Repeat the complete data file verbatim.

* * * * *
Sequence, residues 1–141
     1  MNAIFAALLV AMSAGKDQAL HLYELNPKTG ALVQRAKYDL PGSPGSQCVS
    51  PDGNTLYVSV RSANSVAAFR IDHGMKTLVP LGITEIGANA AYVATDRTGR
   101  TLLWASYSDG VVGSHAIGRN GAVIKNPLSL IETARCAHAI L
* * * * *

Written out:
Sequence, residues 1–141
     1  MNAIFAALLV AMSAGKDQAL HLYELNPKTG ALVQRAKYDL PGSPGSQCVS
    51  PDGNTLYVSV RSANSVAAFR IDHGMKTLVP LGITEIGANA AYVATDRTGR
   101  TLLWASYSDG VVGSHAIGRN GAVIKNPLSL IETARCAHAI L